Diction for Today’s Singer

Part 1 in a Diction Series of 6


Every collegiate voice major in the United States sooner or later will have to take diction—the class that teaches how to sing effectively in other languages besides English (although occasionally that is taught as well), using strange symbols and following rules that can be confusing and contradictory. There are some wonderful textbooks and programs available to help teachers and students alike learn diction, but no one really talks about how to present the materials in the classroom. This article (presented in six parts) will hopefully illustrate some of the pitfalls and inherent difficulties in teaching diction and offer some practical strategies on how to succeed in teaching and learning diction.

Please remember that this is an approach that I have found to work, after several years of trial and error. As the old car ads used to say, “Your mileage may vary.” It is also an approach that I continuously tweak as I receive feedback from students who have taken my courses.

Voice instructors are required to teach diction in individual and class lessons in order to assist students with clarity of text and development of their interpretative skills. Yet most teachers either do not have the time to teach the intricacies of diction, or do not have enough knowledge in all the languages, thus the need for diction as a course in college/university settings. This course is usually taught at the freshman/sophomore level and is required for performance majors. At the University of Missouri in Columbia, where I teach, the prerequisite is sophomore standing. It is also required for music education majors (choral-specific), since these future educators will be working with diction in choral and individual lesson capacities.

Part I: So Why Is Diction So Hard to Understand and Teach?
Diction can be confusing. Not only are you being required to make sounds that are foreign to you, but it is also a lyric endeavor. Sounds are held out for long periods of time (aka rhythmic meter), which makes them sound silly or bombastic if spoken in that way (think of Jon Lovitz’s Master Thespian character on Saturday Night Live as an example).

Making diction even more confusing are the rules—and the possible exceptions to those rules. For example, we tend to think that French is the hardest language to get diction-wise, but most of the rules have been codified. Learn and understand the rules, and it becomes easier to understand. Italian, on the other hand, has several rules that change depending on which region the teacher/author is from, or where they studied. Therefore, the rules (and the exceptions to the rules), vary from teacher to teacher (and textbook to textbook).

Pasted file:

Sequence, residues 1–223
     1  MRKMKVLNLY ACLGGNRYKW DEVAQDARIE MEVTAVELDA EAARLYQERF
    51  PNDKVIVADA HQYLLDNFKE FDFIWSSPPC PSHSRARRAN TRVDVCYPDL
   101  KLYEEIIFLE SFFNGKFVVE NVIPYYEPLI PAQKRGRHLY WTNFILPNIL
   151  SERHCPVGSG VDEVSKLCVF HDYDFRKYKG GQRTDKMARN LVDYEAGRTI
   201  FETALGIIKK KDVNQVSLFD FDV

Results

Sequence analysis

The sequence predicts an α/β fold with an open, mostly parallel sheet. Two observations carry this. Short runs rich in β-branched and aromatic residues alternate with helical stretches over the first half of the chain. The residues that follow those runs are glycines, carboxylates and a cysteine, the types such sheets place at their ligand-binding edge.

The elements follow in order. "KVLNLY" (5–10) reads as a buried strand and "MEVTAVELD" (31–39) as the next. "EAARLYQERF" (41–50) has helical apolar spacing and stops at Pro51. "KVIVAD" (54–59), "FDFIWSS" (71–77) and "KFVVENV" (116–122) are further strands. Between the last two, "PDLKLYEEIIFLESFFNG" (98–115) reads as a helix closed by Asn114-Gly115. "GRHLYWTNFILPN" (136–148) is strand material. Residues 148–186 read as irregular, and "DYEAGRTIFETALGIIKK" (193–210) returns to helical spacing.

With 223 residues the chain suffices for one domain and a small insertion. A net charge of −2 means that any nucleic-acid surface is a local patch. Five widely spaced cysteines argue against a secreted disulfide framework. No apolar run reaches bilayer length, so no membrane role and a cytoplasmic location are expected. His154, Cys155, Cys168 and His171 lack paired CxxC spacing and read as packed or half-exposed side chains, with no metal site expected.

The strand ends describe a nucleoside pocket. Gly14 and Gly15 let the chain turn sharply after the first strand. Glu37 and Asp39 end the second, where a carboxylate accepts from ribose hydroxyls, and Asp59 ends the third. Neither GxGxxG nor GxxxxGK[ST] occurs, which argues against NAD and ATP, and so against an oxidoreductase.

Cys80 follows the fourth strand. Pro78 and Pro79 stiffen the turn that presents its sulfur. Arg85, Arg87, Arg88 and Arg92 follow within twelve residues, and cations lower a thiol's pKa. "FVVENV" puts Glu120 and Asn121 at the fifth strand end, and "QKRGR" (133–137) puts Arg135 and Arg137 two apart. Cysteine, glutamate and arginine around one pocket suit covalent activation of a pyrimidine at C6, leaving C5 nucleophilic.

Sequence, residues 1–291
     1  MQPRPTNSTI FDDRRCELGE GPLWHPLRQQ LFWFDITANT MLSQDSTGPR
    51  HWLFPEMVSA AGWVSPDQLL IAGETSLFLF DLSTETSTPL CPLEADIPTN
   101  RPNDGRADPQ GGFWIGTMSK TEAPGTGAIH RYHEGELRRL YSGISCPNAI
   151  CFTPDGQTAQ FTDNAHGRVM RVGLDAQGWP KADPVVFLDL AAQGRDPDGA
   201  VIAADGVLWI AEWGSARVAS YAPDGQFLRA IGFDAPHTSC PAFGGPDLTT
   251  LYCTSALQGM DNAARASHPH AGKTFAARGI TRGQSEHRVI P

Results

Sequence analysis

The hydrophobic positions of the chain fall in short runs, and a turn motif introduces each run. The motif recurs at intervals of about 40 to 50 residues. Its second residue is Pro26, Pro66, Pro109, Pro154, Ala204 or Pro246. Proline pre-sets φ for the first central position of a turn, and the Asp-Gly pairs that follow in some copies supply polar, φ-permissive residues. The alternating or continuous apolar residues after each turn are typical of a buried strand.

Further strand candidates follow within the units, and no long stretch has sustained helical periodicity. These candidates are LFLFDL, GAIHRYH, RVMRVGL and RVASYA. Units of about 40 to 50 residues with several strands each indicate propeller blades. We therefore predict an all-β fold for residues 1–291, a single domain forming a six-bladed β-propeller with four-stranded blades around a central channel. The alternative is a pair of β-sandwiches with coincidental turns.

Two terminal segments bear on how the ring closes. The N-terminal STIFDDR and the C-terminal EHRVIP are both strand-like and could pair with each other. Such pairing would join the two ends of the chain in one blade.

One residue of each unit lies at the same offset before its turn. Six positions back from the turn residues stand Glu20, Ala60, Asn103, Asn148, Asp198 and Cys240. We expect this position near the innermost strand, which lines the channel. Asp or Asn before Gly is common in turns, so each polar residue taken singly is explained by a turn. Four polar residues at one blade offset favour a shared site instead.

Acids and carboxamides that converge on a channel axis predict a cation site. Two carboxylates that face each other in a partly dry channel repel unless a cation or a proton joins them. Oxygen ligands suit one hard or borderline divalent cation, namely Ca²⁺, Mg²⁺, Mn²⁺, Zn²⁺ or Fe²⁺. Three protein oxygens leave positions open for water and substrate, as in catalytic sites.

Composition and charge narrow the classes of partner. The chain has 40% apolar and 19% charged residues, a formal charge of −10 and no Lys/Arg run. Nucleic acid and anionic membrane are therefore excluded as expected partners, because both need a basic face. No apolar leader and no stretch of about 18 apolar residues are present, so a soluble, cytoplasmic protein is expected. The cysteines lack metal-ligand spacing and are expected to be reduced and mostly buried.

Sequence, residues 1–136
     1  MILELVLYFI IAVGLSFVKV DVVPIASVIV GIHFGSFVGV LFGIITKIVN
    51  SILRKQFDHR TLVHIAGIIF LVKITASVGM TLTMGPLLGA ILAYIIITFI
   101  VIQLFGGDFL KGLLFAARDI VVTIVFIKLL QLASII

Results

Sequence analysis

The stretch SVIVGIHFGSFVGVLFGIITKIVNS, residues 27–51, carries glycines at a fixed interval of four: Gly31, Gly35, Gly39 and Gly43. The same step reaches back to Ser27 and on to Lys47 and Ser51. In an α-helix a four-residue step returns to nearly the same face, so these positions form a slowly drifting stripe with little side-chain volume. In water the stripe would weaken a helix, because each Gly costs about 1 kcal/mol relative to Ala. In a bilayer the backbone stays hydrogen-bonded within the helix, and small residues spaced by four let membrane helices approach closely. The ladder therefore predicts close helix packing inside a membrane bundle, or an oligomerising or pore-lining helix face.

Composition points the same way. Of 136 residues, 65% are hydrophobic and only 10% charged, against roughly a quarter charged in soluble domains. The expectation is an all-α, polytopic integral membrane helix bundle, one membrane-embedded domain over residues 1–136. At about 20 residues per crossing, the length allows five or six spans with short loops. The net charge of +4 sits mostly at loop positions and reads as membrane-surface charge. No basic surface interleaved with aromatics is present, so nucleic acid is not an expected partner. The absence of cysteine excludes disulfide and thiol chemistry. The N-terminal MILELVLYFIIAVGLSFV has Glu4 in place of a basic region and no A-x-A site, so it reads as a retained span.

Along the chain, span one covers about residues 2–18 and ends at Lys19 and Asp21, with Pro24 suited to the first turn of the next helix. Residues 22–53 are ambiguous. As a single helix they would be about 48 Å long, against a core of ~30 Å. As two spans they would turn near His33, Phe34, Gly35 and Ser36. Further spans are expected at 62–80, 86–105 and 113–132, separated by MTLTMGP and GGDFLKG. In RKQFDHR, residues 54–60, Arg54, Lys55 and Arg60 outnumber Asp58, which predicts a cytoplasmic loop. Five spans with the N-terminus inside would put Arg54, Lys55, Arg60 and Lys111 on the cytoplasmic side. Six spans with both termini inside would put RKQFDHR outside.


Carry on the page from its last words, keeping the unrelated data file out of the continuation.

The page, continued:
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Diction is usually explained by individual instructors as particular sounds to make while learning art songs, yet detailed instruction using the International Phonetic Alphabet (IPA) can cause even the most talented singers to suffer.

Some instruction methods require the students to be able to use IPA by memory, but in the real world, singers and instructors acknowledge that IPA is an accessibility tool. Since the repertoire changes, there will always be the need to use diction books as references.

In teaching IPA, some textbooks concentrate on the basic rules. Any exceptions to those rules are explained in the text and are glossed over by most students. During open book exams, I have watched students only refer to the glossary of basic rules in the book, while continuing to
overlook the exceptions.

The social media lifestyle of today’s students (YouTube, Facebook, Instagram, etc.) is not embraced by most diction courses. Some do have connections to websites, but the examples are sometimes confusing and fail to catch the attention of the students.

In many academic settings, English (in the three major styles that I will discuss later) is not covered in diction courses. The general opinion is that if you can speak it, you can sing it, which is often proven to be incorrect. Most diction courses concentrate on IPA and pronunciation only, and do not delve into basic grammatical rules (syntax, gender, singular/plural, conjugation, infinitives, common words, etc.). A simple understanding of these rules helps immensely with the understanding of text, makes translation (and pronunciation) easier, and is extremely beneficial in interpretation.

Steven B. Jepson

Steven B. Jepson, baritone, is a respected international artist with expansive credits in the Americas, Europe, and Japan. His performing experience is rich and varied, from Broadway pops, cruise ship production shows, and cabaret to opera, sacred works, and symphonies. In demand as a teacher and clinician, he teaches voice and diction at the University of Missouri in Columbia. http://www.stevenbjepsonbaritone.com/